Beer Glassware Illustrated

This post accompanies Episode 24 of the Pat’s Pints/Mark’s Mugs – All Things Beer Podcast. Despite our best efforts to describe the appearance of these glasses, a picture is worth a thousand words. As such the content here is limited to a series of pictures with brief descriptions of each glass. For more details we encourage you to download the podcast and give it a listen.

Pint Glasses

Shaker Pint – The ubiquitous thick-walled shaker pint was originally designed to be used in combination with a slightly larger metal cup as a cocktail shaker, hence the name.  Beginning in the 1980s bars began using these utilitarian glasses to serve craft beer and we’re still stuck with this legacy.

Tulip Pint – Typically sized to hold a 20 oz imperial pint, the tulip pint flanges outward rising from the base, then curves back inward ever so slightly. Because of the strong connection with Guinness, this glass is sometimes referred to as the Irish Pint glass.

Nonic Pint – Another glass that originated in the British Isles, the nonic pint has an outward bulge about three-quarters of the way from base to rim that is meant to prevent chipping when glasses are stacked, hence the name “no nick.” The bulge also provides a handy grip when held in your hand.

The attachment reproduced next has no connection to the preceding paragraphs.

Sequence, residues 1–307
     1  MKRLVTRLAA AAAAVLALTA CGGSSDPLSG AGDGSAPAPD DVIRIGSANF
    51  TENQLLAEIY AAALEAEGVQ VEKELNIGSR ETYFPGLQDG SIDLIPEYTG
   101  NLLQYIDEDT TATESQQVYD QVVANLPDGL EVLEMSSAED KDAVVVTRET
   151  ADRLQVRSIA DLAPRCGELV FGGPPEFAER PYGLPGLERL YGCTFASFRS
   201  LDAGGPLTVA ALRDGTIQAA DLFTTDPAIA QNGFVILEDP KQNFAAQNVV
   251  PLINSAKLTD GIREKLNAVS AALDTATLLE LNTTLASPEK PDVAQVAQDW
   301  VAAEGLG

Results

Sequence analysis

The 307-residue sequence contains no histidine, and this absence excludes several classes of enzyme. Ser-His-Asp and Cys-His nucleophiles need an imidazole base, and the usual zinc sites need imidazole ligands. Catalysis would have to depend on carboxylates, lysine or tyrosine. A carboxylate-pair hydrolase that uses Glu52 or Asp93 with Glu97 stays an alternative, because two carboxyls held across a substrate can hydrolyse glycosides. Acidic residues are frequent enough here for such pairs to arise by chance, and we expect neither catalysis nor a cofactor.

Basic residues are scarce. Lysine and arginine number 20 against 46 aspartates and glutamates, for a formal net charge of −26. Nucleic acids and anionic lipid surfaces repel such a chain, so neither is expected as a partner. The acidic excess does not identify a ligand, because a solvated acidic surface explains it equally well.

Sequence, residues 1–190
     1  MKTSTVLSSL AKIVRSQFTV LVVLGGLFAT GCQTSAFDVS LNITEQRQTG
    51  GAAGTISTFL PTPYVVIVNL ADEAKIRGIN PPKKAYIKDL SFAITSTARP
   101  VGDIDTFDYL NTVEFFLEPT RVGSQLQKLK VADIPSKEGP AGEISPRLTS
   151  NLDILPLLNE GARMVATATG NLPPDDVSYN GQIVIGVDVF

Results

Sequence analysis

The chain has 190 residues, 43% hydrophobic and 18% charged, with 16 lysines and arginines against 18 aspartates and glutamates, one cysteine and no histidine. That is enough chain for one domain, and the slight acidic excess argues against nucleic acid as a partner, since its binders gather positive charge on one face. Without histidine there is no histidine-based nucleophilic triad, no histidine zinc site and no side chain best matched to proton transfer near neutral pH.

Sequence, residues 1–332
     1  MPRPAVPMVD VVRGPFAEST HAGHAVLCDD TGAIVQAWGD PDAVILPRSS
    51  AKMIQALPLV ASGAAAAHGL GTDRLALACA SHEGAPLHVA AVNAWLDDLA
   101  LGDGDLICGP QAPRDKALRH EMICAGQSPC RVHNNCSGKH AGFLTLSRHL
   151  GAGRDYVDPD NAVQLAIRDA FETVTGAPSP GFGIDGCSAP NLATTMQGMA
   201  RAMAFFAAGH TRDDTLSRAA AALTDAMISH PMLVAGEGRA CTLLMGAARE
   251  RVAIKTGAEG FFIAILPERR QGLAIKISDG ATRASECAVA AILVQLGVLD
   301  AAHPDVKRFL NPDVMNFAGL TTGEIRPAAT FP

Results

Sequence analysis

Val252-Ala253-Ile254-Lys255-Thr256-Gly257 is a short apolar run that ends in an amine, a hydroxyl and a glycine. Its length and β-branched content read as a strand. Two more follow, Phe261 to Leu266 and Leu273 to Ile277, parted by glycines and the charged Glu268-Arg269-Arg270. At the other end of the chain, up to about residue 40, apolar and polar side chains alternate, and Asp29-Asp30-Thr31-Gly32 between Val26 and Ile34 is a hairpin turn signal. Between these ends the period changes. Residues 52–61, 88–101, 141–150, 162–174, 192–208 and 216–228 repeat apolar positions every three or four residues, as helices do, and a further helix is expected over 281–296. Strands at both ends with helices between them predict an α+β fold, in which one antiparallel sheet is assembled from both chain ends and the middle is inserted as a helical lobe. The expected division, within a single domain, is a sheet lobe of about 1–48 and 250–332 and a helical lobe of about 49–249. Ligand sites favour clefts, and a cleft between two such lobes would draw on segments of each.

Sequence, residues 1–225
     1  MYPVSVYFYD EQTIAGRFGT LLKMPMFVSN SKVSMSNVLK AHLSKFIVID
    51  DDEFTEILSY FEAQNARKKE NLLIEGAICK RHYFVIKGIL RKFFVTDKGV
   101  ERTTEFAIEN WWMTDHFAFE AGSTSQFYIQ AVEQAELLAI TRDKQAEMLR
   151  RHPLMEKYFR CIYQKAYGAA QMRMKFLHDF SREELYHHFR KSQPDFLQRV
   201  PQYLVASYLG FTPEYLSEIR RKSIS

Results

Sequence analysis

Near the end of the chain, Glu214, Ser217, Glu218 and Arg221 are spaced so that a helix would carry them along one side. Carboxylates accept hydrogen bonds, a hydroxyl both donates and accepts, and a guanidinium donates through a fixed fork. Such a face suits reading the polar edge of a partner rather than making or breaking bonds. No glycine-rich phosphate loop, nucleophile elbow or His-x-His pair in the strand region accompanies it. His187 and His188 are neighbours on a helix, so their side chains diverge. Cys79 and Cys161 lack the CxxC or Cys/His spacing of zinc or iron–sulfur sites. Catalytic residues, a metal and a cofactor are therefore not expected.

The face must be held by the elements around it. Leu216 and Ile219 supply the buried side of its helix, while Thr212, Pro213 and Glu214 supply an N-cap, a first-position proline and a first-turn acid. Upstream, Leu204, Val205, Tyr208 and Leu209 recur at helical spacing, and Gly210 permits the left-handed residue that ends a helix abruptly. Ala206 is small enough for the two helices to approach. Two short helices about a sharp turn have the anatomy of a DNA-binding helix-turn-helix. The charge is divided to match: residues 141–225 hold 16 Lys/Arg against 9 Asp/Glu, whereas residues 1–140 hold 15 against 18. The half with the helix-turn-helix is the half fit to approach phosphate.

Pint glasses from from left-to-right: nonic pint, shaker pint, and tulip pint.

Belgian Glasses

Stemmed Tulip Glass – This tulip shaped glass initially tapers inward to hold in volatiles, then modestly outward at the top to support the head. The combination is well suited for effervescent, aromatic Belgian ales.

Chalice – The chalice, a favored vessel for use in Christian religious ceremonies, has been adopted as the glass of choice by most Trappist breweries. The wide opening is ideal for beers that pour with voluminous head, due to the high levels of carbonation.  The Orval glass pictured below was designed by Henri Vaes, the architect that designed the 20th century Romanesque/Art Deco monastery at Orval.

French Jelly Glass – Used in France and Belgium for jelly, one might think of these as the European equivalent of the mason jar. French Jelly Glasses were historically used by farmers and are associated with rustic Belgian styles, including witbier.